By contrast, the less common process, found mostly in legumes, goes one giant step further: it uses bacteria called rhizobia, which live in root nodules and fix nitrogen from the air and make it into ammonia, a plant fertilizer. Symbiosis with rhizobia means legumes can make ammonia by fixing nitrogen in the air, which at 78 percent of the atmosphere, is “essentially limitless,” the biochemist adds.

Thanks to this feat, legume plants can get as much nitrogen fertilizer as they need, rather than relying on often scarce nitrogen in the soil. This is why beans are so nutritious, Wang notes. “The next time you eat your tasty tofu or edamame, you have those little bacteria, and their ‘marriage’ with legumes to thank.”

“Talk to anyone in our field, and the dream is to make it possible for our crops that can’t fix nitrogen to get that ability,” Wang suggests. “This discovery moves us one step closer. Beans are special, but what our result says is they are not that special because some of the basic infrastructure is already there in plants that use arbuscular mycorrhizal fungi instead of nitrogen-fixing bacteria, which no one understood before.”
Read more at:


Growing Produce. 8 January 2016.  International trade is a major factor in the American agricultural economy. A key player is China. In fact China’s impact on slowing growth on trade and agriculture is a session topic during the 2016 USDA’s Agricultural Outlook Forum.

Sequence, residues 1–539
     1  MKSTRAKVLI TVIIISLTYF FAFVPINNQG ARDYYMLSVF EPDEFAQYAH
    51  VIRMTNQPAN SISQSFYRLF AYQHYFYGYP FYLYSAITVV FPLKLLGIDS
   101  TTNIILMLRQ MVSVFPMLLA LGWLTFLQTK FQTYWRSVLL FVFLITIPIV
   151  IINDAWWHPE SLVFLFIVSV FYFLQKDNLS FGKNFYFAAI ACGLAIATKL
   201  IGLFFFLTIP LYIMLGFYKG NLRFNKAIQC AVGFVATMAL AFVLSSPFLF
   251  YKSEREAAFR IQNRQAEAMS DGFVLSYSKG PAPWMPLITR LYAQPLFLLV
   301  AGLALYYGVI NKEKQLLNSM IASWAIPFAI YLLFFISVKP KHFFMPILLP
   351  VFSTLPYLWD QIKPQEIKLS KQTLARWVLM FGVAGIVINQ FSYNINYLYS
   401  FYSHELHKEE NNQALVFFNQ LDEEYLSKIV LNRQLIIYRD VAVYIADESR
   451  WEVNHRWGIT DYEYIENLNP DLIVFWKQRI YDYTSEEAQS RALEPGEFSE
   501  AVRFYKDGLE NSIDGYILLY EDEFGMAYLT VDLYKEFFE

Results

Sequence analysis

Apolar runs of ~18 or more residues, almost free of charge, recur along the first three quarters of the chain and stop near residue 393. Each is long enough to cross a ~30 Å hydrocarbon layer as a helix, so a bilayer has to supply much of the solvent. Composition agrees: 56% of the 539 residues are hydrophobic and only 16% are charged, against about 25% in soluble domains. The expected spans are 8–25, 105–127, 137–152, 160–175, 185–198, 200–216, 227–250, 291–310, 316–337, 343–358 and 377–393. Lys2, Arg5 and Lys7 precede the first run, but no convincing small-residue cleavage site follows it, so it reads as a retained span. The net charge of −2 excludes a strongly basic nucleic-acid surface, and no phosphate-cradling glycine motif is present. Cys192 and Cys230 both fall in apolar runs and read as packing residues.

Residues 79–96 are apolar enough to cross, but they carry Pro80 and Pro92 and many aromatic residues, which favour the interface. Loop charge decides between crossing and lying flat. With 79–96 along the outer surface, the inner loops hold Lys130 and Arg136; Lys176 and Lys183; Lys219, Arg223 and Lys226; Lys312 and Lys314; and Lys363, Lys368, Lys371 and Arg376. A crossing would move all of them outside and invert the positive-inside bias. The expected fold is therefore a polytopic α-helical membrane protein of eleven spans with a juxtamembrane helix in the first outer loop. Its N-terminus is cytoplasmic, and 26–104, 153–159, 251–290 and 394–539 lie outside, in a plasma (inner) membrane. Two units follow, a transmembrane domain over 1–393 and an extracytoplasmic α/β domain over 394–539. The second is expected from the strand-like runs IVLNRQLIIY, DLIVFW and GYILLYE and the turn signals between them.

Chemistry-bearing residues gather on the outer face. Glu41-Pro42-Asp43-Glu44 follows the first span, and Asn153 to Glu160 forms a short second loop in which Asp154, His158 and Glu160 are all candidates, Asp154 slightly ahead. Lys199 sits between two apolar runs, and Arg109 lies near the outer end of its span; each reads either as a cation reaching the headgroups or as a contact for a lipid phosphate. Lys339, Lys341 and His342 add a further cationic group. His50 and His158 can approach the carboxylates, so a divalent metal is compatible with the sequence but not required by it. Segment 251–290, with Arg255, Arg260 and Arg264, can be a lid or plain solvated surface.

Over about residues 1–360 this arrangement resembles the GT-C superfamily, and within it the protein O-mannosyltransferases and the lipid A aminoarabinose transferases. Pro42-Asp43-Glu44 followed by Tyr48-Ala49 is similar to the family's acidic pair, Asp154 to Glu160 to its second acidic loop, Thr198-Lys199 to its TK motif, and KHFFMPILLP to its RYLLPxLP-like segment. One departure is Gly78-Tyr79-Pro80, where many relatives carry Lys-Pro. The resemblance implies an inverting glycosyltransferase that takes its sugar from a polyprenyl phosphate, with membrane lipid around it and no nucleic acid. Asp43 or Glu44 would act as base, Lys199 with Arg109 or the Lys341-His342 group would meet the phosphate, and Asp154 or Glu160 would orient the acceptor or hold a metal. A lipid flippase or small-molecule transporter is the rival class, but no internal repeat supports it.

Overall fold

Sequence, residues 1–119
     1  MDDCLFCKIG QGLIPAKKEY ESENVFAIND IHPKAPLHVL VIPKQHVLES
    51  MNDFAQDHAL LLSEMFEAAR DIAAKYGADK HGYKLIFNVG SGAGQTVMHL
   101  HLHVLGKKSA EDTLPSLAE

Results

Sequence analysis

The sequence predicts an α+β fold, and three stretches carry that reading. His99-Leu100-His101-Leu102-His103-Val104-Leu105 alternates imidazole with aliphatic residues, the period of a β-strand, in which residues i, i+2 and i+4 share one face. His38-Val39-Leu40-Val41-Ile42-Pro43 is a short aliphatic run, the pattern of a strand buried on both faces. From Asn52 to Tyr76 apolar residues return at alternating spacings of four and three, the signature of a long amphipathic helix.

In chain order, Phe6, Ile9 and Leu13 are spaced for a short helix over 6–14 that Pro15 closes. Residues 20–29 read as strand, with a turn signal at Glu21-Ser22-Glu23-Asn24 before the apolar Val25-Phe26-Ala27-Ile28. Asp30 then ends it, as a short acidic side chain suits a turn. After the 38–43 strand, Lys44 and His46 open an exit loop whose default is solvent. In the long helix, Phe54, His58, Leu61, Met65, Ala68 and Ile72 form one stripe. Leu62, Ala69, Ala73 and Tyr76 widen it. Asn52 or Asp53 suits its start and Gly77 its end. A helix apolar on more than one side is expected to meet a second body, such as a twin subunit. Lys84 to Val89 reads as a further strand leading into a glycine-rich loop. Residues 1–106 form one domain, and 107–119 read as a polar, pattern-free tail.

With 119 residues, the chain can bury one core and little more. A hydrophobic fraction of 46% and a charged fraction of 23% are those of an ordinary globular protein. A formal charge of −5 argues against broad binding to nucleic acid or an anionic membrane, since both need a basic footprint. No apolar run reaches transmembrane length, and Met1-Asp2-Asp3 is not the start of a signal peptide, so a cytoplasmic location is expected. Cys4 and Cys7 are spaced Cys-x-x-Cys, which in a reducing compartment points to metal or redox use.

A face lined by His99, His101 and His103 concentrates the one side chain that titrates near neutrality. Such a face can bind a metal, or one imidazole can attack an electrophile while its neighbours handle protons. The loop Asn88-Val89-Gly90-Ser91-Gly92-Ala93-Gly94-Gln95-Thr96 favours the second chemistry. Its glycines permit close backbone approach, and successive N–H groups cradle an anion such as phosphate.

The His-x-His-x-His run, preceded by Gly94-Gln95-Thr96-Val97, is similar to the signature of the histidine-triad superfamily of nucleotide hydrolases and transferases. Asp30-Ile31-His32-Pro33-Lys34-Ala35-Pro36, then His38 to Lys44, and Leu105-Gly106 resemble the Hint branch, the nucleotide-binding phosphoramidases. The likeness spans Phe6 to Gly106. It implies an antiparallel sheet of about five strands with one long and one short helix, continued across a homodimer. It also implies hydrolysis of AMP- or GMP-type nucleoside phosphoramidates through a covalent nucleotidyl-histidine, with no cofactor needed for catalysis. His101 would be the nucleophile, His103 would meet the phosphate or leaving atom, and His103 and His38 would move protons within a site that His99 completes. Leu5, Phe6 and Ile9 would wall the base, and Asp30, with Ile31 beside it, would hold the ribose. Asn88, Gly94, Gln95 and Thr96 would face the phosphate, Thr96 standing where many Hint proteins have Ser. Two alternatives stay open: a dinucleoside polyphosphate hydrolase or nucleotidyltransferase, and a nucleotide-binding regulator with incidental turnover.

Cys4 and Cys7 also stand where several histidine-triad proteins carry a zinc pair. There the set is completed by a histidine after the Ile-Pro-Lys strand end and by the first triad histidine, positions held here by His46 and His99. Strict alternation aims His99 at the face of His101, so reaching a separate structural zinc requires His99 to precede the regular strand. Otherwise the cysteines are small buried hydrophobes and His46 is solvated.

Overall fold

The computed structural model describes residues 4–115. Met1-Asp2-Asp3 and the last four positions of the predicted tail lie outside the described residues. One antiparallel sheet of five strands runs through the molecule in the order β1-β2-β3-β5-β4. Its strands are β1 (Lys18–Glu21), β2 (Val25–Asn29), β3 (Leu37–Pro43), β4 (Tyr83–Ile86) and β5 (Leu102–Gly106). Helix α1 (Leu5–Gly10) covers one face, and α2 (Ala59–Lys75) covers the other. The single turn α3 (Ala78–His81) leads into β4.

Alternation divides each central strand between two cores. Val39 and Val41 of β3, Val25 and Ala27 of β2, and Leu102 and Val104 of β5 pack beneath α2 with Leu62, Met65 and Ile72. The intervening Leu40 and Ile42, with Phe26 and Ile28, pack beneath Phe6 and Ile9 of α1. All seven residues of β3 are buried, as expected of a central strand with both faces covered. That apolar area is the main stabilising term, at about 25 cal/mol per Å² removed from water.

Over the last two decades, China’s economic prosperity and increased consumer demand for food has significantly contributed to the record growth in U.S. agricultural exports. From fiscal year (FY) 2000 to FY 2015, the value of U.S. agricultural and related exports to China rose from $1.7 to $25.9 billion. Currently, nearly 17% of all U.S. agricultural exports are destined for the Chinese market. These export figures highlight the critical importance of the U.S.-China trade relationship for U.S. agriculture and underscores the U.S. interest in China’s ability to maintain a strong and stable economy.Several U.S. agricultural sectors have capitalized on the market opportunities created from China’s economic growth. Traditionally U.S. exports to the country were dominated by land-intensive bulk commodities that were processed for domestic consumption or re-exported. Recent increases in Chinese consumer purchasing power and improved standards of living have generated new demand for luxury items and ready-to-eat foods.